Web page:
Example:-  Entity A has an existing freehold factory property, which it intends to knock down and redevelop. During the redevelopment period the company will move its production facilities to another (temporary) site. The following incremental costs will be incurred :

Set up costs :- $50 K to install the machinery in new location
Rent :- $ 150K
Removal costs :- $30 K to resend the machinery in the factory.
 
Can these costs be capitalised in to the cost of new building ?
 
Although construction of acquiring a new asset may result in incremental costs that would have been avoided if the asset had not been constructed or acquired.
 
But it should not be included in the cost of the asset because its not directly attributable to bringing the asset to the location and condition necessary for it to be capable of operating in the manner intended by management.
 
The costs to be incurred by the company do not meet that requirement of IAS 16 and cannot, therefore, be capitalised.
 

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CA. Amit Daga (Finance Controller CA. CS. CFA. CIFRS. M.COM. )     19 June 2009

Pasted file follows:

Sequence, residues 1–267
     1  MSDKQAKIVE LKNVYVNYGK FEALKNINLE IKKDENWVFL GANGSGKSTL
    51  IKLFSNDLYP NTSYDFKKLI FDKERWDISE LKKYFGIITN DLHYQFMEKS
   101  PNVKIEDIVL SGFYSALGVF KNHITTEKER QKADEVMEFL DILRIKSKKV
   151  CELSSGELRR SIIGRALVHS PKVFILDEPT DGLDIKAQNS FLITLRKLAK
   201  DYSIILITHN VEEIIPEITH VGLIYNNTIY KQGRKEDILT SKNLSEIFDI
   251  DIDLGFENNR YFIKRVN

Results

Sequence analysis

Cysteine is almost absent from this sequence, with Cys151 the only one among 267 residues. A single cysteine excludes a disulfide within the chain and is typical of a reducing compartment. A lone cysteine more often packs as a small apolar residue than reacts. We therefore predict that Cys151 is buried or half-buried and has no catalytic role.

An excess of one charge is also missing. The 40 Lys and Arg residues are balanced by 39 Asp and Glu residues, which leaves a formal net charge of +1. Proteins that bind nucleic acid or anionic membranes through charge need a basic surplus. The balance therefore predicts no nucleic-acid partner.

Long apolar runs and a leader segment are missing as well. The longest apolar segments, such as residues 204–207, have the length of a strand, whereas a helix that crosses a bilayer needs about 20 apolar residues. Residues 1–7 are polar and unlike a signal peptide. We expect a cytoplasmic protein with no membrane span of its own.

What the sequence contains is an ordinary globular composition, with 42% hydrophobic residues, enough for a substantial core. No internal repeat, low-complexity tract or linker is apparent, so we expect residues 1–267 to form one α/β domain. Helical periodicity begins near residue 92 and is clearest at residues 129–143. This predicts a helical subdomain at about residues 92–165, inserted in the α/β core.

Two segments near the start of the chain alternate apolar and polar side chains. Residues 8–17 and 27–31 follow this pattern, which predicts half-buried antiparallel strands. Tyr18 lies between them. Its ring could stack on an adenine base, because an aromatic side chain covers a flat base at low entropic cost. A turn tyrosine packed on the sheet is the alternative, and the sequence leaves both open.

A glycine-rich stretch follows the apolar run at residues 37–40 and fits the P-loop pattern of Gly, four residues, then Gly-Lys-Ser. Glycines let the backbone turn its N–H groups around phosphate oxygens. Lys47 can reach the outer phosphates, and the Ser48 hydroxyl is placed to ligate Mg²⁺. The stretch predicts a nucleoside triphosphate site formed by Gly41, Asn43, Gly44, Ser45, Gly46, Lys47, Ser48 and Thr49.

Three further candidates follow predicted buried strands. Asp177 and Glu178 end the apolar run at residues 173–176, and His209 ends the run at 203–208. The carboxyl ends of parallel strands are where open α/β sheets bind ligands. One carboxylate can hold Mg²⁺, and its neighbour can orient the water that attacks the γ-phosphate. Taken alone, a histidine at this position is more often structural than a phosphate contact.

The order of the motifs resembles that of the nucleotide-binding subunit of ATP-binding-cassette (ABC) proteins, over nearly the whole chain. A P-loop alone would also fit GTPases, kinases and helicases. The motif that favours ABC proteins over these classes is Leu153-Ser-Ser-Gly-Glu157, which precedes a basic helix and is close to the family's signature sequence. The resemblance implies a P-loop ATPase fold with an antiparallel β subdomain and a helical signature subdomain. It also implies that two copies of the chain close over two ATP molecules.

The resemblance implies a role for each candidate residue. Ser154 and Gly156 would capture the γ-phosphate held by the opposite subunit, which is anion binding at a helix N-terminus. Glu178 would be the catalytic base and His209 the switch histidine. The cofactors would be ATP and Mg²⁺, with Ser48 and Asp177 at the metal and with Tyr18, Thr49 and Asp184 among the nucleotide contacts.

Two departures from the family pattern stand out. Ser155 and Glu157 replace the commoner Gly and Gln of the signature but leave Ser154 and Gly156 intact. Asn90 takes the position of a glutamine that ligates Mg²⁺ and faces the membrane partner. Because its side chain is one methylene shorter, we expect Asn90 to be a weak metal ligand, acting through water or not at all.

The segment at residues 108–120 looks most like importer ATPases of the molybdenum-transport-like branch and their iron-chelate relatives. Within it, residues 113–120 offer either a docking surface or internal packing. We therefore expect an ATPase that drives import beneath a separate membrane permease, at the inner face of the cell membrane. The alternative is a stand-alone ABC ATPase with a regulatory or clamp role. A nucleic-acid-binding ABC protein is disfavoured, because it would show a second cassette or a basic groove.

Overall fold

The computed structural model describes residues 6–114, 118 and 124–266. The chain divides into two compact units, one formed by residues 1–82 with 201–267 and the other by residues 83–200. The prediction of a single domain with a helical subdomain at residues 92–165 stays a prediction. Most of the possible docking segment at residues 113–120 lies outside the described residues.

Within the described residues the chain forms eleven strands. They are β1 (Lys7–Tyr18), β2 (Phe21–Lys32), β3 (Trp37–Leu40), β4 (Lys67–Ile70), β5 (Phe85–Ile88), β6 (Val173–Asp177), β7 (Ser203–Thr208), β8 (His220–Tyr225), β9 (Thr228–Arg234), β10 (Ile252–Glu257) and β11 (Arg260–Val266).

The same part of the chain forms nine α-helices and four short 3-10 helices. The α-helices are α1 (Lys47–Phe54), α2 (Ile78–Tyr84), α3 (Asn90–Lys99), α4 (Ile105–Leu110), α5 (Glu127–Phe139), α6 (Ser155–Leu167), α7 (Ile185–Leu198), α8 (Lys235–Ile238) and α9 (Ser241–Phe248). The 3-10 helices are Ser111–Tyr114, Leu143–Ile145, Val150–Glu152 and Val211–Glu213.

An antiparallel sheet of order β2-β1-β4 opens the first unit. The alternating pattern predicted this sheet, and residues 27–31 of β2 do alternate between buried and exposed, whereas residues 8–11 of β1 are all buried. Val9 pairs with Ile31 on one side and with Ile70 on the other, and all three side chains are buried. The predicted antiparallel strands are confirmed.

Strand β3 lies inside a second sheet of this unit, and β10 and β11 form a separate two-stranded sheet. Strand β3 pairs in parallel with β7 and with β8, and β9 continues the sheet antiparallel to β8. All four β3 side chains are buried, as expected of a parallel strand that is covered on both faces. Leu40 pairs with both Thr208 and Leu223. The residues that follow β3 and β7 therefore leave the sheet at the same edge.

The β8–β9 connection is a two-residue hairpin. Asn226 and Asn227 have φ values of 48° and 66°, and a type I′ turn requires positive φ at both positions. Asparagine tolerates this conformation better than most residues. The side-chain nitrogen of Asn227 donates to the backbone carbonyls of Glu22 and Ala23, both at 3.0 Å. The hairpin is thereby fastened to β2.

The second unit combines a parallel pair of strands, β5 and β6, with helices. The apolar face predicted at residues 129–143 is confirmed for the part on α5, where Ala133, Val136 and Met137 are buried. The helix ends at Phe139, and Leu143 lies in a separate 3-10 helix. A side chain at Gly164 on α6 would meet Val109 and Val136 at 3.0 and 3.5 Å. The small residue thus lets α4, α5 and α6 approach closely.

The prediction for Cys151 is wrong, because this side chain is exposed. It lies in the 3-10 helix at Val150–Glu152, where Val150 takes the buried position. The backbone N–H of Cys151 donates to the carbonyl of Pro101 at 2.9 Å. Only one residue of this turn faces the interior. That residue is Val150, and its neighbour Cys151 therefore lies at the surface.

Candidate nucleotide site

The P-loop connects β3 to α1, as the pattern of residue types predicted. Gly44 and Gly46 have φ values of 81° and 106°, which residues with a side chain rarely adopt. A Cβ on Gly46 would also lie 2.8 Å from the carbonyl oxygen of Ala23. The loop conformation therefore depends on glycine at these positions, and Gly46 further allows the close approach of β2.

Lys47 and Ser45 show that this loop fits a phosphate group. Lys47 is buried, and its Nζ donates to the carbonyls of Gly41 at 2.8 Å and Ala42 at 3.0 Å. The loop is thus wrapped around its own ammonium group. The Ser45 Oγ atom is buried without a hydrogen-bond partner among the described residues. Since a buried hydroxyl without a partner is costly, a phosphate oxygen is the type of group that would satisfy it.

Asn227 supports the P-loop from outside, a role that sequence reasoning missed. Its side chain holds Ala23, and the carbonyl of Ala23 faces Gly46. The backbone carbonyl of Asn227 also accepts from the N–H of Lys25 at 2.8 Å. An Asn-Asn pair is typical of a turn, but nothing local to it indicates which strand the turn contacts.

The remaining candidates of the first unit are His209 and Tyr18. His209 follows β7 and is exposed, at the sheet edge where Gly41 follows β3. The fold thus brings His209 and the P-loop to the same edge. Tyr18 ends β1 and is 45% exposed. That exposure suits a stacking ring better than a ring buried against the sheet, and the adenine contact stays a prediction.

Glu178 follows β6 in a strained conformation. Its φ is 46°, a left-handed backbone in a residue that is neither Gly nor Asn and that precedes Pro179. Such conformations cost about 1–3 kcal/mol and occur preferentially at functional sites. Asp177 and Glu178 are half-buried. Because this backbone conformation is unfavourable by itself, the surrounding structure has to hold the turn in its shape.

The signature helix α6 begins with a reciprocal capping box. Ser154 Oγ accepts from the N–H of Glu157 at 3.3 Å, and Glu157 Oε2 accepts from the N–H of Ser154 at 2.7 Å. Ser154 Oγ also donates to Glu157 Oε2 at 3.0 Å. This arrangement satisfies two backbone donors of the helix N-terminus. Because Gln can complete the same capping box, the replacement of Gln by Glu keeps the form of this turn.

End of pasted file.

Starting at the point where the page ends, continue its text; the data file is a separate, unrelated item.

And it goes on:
CA. Amit Daga
Finance Controller CA. CS. CFA. CIFRS. M.COM.  
 416 likes  8997 points

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Initial Measurement
Standard lists types of the cost that are not directly attributable as follows :-
   Costs of opening a new facility
   Costs of introducing a new product or service
   Costs of conducting business in a new location or with a new class of customer
   Administration and other general overhead costs
 
Costs incurred on the asset is standing idle may not be capitalised. The standard states that costs incurred in using or redeploying an item are not included in its carrying amount
 
Example:- Entity A, which operates a major chain of supermarkets is plan for renovation of the stores. Management has prepared the budget for the period including expenditure related to construction and remodeling costs, salaries of staff who will be preparing the store before its opening and related utilities costs.
 
Management should capitalise the cost of construction and remodeling cost because its necessary to bring the store to the condition but the cost of salaries, utilities  are operating expenditure will not be capitalised and it should be book as expense.
 

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CA. Amit Daga (Finance Controller CA. CS. CFA. CIFRS. M.COM. )     19 June 2009

CA. Amit Daga